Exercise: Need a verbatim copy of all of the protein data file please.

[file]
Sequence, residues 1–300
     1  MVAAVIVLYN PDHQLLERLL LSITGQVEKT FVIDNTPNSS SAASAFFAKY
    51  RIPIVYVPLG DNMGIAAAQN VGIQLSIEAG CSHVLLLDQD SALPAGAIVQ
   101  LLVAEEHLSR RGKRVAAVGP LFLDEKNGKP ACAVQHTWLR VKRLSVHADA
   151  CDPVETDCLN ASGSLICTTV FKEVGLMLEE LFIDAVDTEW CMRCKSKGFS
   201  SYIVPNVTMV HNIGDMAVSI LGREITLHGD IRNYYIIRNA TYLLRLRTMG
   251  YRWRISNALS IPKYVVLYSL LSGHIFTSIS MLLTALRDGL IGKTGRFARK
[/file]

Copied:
Sequence, residues 1–300
     1  MVAAVIVLYN PDHQLLERLL LSITGQVEKT FVIDNTPNSS SAASAFFAKY
    51  RIPIVYVPLG DNMGIAAAQN VGIQLSIEAG CSHVLLLDQD SALPAGAIVQ
   101  LLVAEEHLSR RGKRVAAVGP LFLDEKNGKP ACAVQHTWLR VKRLSVHADA
   151  CDPVETDCLN ASGSLICTTV FKEVGLMLEE LFIDAVDTEW CMRCKSKGFS
   201  SYIVPNVTMV HNIGDMAVSI LGREITLHGD IRNYYIIRNA TYLLRLRTMG
   251  YRWRISNALS IPKYVVLYSL LSGHIFTSIS MLLTALRDGL IGKTGRFARK